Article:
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Exploring the Wetland: Integrating the Fish and Plant Remains into a Case Study from Tianluoshan, a Middle Neolithic Site in China

  • Ying Zhang
Chapter
Part of the Interdisciplinary Contributions to Archaeology book series (IDCA)

Abstract

Tianluoshan is a key site of Middle Neolithic Age in the lower Yangtze River region in China. Radiocarbon dating indicates that it was occupied from 5000 to 4000 Cal BC. This paper intends to discuss the exploitation of wetland by analyzing fish remains and integrating zooarchaeological and archaeobotanical research. Fish remains are studied thoroughly through species identification, body length reconstruction, and seasonality assessment, revealing that three major fish, snakehead (Channa argus), common carp (Cyprinus sp.), and crucian carp (Carassius carassius), which are captured constantly throughout the year, are staple food resources for Tianluoshan people. The wetland is not only the main fishing ground but also the concentrated locale for gathering and probably rice farming. Knowledge of ecological information is the fundamental of any hunting, gathering, and fishing activities. Tianluoshan people have developed lifeways highly adaptive to wetlands with such knowledge. Integrated research of zooarchaeology, archaeobotany, and ethnography benefits the interpretation of the interrelationship between human beings and the environment.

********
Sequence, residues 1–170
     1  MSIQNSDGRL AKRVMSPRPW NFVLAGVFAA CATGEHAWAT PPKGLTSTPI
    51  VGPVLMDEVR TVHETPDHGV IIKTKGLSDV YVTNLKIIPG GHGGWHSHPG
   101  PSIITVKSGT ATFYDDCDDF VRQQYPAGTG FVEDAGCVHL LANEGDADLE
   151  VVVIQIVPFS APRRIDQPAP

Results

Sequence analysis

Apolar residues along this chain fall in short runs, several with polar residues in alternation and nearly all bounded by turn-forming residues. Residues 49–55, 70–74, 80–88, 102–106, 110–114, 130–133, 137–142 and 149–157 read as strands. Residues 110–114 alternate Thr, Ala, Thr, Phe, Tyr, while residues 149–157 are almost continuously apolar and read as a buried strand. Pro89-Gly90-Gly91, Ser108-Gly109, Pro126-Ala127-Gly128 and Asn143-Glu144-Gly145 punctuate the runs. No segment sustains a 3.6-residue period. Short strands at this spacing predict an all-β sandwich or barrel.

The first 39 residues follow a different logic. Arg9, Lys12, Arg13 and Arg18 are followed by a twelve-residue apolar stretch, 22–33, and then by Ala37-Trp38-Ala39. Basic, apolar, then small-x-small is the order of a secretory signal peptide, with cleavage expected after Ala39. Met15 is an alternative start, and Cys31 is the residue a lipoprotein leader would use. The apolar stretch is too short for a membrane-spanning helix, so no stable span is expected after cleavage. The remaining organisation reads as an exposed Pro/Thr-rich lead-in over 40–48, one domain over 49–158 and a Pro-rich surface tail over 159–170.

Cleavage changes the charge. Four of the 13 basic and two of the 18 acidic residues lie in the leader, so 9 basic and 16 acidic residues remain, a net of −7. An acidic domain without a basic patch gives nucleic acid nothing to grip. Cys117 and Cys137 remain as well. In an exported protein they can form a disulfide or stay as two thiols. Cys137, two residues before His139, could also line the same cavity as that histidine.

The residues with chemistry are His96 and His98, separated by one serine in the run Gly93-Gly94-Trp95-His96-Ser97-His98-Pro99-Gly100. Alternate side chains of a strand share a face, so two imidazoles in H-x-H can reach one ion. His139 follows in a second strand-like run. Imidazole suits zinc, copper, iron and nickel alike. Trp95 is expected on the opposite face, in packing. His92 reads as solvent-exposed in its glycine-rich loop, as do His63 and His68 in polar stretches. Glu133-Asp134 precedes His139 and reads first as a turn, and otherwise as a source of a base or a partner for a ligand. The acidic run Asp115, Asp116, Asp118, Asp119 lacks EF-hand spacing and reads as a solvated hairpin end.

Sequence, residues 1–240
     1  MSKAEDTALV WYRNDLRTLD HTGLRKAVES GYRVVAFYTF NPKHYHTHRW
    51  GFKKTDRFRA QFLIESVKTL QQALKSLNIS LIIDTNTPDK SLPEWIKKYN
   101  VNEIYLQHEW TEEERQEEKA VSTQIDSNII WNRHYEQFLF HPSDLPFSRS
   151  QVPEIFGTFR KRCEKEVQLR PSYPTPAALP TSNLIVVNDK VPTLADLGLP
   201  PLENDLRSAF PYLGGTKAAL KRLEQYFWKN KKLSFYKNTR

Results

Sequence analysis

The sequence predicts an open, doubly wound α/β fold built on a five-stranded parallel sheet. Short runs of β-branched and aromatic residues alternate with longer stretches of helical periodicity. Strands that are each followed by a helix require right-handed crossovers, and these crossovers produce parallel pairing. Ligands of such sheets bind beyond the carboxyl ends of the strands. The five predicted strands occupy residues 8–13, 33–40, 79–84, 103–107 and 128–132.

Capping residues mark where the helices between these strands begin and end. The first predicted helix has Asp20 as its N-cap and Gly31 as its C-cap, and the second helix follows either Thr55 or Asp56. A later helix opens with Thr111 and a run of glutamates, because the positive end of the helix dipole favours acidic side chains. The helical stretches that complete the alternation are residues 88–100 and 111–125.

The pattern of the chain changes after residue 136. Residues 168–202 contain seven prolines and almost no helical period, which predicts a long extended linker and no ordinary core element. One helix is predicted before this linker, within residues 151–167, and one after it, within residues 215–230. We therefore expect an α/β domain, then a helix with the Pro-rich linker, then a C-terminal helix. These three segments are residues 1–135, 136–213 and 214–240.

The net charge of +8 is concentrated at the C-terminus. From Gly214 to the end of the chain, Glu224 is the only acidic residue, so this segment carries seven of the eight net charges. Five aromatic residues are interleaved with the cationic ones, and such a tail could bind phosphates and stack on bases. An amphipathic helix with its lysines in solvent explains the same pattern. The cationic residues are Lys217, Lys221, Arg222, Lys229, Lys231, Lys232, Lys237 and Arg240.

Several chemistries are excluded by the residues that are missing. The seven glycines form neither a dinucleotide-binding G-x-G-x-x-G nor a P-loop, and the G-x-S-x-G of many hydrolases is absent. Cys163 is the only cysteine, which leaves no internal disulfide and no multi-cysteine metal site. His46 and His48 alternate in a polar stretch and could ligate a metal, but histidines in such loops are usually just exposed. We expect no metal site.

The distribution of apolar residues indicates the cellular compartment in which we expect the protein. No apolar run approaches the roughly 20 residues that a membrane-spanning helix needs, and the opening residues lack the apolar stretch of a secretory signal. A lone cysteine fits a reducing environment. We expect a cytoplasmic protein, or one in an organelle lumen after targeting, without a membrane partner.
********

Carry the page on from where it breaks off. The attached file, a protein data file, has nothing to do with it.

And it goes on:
Keywords

Tianluoshan Wetland Fishing Integration 

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© Springer International Publishing AG, part of Springer Nature 2018

Authors and Affiliations

  1. 1.School of Archaeology and Museology, Peking UniversityBeijingChina

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